There will be roughly 25 projects, so my job is to ensure that they all happen (and as smoothly as possible) and to promote the improvement works being done so that we can reach the intended users and let them know what’s changing. Other parts of of my role include; administering and promoting a grants scheme, Caring for the Cotswolds, which supports organisations across the Cotswolds Natural Landscape with environmental and community-based projects; and working with the Cotswold Way Association, a charity which maintains and repairs the Cotswold Way National Trail.

What barriers to access do people currently experience?

Here in the Cotswolds we share many of the barriers to access that are experienced across the country whether it be physical, intangible or monetary. Physical barriers include uneven terrain, stiles, lack of parking or toilets. These impact those with lower mobility and wheelchair and mobility scooter users, to name a few. Unfortunately, it is common to come across these barriers in public spaces, particularly on Public Rights of Way throughout the countryside.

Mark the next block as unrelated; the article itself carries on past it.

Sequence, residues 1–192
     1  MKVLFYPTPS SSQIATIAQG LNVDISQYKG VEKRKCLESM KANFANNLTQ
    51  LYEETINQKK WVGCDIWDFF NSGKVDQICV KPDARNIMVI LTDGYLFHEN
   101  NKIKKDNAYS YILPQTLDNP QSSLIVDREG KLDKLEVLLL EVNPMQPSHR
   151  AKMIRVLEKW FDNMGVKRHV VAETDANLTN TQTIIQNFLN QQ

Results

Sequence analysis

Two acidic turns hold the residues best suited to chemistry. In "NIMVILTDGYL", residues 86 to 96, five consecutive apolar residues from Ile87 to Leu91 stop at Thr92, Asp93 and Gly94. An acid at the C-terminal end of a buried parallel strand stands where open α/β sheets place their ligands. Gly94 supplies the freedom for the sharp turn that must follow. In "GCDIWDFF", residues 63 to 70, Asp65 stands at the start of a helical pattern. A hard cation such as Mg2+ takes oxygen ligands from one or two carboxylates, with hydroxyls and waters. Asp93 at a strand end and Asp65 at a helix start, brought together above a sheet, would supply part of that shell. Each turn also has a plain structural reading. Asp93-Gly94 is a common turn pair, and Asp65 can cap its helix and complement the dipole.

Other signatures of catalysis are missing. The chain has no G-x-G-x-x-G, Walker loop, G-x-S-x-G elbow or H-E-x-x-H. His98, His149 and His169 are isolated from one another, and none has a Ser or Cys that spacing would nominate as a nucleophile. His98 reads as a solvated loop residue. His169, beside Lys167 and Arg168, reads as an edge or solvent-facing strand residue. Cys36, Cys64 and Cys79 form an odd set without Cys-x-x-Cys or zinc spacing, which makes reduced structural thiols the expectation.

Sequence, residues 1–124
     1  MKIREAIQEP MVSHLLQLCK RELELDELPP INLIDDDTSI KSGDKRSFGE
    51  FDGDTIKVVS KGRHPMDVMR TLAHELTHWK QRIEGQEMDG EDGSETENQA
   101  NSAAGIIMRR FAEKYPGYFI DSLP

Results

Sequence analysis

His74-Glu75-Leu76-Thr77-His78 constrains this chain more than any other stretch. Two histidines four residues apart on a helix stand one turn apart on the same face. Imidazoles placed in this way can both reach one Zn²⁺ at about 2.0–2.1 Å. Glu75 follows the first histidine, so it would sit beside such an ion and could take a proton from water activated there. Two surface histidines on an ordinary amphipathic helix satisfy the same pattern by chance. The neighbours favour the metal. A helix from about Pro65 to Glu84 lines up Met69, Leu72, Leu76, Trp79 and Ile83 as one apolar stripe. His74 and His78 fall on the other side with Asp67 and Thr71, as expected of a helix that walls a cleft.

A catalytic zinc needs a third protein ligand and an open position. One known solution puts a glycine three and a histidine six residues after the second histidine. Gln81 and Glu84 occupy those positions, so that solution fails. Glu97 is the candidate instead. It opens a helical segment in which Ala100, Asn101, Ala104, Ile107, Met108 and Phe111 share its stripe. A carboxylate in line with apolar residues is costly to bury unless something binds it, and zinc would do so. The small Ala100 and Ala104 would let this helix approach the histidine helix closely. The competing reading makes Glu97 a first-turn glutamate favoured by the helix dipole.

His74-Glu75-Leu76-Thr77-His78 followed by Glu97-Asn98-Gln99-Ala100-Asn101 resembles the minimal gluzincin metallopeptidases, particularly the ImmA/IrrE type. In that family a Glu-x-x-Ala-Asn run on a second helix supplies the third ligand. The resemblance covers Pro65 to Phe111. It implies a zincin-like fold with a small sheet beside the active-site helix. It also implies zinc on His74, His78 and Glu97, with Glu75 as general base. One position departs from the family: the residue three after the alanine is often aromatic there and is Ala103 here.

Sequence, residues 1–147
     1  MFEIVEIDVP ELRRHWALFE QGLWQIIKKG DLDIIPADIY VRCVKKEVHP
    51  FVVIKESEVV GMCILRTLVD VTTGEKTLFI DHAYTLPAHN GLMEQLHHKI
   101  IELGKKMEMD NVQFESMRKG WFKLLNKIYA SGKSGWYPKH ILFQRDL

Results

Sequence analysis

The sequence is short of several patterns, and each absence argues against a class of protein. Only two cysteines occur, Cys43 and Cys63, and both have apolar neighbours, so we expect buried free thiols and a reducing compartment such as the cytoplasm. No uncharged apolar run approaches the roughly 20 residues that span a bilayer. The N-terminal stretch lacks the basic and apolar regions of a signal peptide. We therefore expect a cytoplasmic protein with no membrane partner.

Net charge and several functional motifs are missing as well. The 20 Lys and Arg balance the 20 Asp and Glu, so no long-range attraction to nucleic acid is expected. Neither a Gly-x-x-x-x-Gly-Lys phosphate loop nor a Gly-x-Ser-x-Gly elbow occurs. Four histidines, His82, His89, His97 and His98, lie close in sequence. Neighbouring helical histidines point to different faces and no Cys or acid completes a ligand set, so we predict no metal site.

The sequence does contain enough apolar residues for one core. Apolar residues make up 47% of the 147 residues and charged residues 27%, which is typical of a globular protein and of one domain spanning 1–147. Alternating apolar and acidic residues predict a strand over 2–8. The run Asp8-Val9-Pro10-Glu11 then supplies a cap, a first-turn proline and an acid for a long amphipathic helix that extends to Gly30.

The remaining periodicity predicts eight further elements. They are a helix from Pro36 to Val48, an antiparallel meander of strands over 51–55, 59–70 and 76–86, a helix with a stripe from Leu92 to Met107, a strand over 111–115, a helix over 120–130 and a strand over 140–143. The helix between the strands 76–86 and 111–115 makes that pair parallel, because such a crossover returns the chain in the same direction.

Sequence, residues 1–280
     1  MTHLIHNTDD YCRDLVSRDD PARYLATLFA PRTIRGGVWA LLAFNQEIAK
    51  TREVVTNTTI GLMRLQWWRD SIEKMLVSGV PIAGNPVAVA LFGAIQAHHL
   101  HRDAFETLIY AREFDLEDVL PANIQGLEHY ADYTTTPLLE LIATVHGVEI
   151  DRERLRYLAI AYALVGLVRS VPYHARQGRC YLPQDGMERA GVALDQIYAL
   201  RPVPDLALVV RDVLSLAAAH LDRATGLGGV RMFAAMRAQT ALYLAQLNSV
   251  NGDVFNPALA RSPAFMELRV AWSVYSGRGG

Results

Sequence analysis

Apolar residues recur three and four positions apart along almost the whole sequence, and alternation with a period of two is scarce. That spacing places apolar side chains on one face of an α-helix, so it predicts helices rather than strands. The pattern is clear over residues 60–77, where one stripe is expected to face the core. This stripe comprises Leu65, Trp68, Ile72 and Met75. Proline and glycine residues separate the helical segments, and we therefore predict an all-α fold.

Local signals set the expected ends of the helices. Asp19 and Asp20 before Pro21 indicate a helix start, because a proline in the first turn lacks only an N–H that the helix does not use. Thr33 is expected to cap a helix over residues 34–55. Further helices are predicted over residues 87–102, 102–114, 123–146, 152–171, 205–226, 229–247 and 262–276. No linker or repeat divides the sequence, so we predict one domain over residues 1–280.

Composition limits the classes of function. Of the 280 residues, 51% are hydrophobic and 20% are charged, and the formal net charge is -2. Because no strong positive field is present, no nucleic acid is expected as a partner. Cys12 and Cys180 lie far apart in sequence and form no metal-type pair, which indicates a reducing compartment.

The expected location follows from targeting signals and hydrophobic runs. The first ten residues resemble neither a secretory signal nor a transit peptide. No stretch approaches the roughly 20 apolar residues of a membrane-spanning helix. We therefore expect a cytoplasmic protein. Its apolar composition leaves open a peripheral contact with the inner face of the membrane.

Lack of information can be a big barrier that is often not considered. Having information to detail access to a site, for example, and what facilities there are provides a huge source of reassurance for those with disabilities, neurodivergence or visual impairment. It allows for further independence, since all visitors can then make their own decision based off of the information given, rather than not knowing and having to risk a negative situation, or simply not going.

Why is it important to remove barriers to access?

Everyone should have access to nature. There are no questions about the importance of spending time outdoors, and its links to improving both physical and mental wellbeing. Having a connection with the natural world, and making green spaces more accessible, more diverse and more inclusive reaps endless benefits.

How will you be helping to break these down?

By engaging with community groups, charities and a variety of organisations – understanding barriers more deeply, starting conversations, raising awareness through social media and print media.